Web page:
WASHINGTON — National Republicans are advising candidates with celebrity status to follow the footsteps of a former comedian they hoped would never step into the Senate: Al Franken.
According to a report in POLITICO Tuesday, the GOP advised Sean Duffy, a former reality TV star who appeared on MTV’s “The Real World,” to focus on policy rather than his former career.
Duffy is running in Wisconsin’s 7th District, currently held by retiring Appropriations Chairman Dave Obey. The district borders Minnesota from Lake Superior down south to Michele Bachman’s 6th District in the center of the state.
The National Republican Congressional Committee has spoken with Sean Duffy, a former prosecutor who appeared on the show’s 1997 season, about “how to mitigate celebrity.” And according to one Republican familiar with their conversations, the committee has urged Duffy to take lessons from Minnesota’s successful celebrity-turned-politician: former comedian and now Democratic Sen. Al Franken.
Franken struggled early in his campaign to explain some of his more off-color remarks as a humorist, and had to explain why he once made a joke about rape. But he ended up narrowly defeated Republican Sen. Norm Coleman after a protracted recount battle.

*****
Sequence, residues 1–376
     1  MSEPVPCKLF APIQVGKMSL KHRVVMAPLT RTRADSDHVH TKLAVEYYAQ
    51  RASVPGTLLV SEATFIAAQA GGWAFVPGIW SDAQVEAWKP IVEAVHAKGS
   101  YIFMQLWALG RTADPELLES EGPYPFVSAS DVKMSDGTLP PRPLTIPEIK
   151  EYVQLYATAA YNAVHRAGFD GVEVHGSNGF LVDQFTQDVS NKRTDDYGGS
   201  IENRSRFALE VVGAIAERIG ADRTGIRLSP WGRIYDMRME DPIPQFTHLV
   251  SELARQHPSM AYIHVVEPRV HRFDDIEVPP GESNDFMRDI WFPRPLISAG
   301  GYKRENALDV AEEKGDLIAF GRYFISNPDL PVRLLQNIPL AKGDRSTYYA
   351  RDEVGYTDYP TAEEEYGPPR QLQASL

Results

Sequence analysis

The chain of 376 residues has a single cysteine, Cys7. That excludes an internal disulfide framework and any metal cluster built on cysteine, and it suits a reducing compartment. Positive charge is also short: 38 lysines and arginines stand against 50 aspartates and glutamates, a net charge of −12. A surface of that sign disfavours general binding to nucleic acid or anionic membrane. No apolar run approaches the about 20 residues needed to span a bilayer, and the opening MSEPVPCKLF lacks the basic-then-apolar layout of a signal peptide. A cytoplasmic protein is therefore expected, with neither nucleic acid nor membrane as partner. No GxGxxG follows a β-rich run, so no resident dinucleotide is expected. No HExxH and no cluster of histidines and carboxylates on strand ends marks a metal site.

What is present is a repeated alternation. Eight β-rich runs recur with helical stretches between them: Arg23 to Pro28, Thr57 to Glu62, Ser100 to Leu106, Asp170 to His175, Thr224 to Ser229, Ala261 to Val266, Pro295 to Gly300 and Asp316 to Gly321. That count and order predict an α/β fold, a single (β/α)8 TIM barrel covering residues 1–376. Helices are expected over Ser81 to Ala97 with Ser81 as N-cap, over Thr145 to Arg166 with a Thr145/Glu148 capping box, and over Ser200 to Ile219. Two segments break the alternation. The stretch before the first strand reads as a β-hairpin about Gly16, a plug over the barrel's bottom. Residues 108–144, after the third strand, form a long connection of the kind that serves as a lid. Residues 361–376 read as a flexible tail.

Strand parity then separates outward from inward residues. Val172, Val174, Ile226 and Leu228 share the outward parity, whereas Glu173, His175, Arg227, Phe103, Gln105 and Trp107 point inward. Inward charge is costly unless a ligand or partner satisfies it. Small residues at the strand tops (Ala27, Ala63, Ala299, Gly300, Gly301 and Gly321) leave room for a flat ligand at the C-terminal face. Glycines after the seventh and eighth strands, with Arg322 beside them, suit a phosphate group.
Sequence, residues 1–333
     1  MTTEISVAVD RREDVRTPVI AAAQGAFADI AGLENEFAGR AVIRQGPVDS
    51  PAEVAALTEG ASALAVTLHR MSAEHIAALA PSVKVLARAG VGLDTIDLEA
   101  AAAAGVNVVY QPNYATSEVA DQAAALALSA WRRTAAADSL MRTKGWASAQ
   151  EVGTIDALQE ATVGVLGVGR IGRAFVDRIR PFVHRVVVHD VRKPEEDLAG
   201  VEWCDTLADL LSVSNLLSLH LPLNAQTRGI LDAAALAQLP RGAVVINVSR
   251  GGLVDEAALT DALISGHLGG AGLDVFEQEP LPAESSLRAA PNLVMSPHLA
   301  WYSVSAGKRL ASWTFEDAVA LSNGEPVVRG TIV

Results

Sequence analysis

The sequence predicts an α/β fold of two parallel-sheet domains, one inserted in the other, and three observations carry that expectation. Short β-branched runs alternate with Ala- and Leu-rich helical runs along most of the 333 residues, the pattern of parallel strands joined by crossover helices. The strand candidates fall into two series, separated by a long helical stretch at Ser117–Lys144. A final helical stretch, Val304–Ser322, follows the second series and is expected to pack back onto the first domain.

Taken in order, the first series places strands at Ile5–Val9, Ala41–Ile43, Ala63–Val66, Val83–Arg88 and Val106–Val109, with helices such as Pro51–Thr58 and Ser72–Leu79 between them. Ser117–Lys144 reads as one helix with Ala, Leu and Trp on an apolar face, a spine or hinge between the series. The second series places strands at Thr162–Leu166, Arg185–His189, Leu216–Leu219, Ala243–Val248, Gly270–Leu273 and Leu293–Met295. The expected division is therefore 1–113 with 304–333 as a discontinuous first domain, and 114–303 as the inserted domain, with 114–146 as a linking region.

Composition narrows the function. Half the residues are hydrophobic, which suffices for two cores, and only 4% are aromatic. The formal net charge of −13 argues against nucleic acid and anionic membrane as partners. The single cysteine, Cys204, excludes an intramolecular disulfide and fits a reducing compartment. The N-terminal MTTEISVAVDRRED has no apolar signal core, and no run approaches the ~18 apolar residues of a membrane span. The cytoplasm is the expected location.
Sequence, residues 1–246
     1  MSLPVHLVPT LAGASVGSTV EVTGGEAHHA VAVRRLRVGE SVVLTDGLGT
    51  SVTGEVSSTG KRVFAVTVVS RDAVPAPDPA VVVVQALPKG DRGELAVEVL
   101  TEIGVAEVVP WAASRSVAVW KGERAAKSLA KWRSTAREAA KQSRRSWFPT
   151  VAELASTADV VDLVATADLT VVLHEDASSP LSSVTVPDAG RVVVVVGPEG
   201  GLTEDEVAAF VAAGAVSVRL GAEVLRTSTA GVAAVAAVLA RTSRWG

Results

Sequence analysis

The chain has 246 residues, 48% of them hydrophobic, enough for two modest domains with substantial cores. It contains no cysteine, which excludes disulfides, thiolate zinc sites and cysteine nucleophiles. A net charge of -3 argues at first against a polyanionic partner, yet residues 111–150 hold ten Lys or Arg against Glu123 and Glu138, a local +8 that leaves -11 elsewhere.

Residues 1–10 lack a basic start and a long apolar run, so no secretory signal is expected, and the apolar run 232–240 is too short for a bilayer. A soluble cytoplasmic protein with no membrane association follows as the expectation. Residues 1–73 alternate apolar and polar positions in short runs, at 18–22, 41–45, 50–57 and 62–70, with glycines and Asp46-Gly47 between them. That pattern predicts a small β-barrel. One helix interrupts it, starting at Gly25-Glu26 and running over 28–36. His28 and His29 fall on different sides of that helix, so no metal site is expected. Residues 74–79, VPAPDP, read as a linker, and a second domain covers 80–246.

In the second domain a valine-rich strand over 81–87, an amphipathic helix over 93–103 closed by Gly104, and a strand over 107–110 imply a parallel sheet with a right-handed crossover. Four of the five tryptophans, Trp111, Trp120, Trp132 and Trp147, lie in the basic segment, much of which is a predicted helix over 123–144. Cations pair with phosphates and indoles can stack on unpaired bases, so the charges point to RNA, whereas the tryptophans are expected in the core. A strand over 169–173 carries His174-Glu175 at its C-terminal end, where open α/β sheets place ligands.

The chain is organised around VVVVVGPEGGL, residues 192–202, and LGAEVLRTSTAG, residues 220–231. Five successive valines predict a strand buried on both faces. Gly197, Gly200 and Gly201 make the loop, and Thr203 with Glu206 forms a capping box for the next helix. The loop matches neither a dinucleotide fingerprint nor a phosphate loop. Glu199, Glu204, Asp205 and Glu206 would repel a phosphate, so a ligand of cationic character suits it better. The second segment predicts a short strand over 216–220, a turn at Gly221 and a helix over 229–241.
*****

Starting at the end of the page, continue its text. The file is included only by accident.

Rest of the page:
The NRCC credits Franken for bringing in national political advisers who helped him focus on policy – a move that ultimately convinced voters and the media that he was a serious candidate.
There are always a few celebrities running for Congress each year.
Former Buffalo Bills tight end Jay Riemersma is a Republican candidate for Michigan’s 2nd District, while former Washington Redskins quarterback Heath Shuler is better known to residents of North Carolina’s 11th District as their sophomore Democratic congressman. Former WWE CEO Linda McMahon (running for Senate in Connecticut) today faces similar questions about her pro wrestling background that Franken did about his comedy.
Go back a few years further and you’ll get astronaut-turned-Ohio-Sen. John Glenn, or musician-turned-California Rep. Sonny Bono. Look beyond Congress and you’ll see a whole host more: Ronald Reagan, Arnold Schwarzenegger, Jesse Ventura. The list goes on.
“Al has always tried to keep his focus on things his constituents care about and that’s the advice he’d give to anybody running for office,” Franken spokeswoman Jess McIntosh said.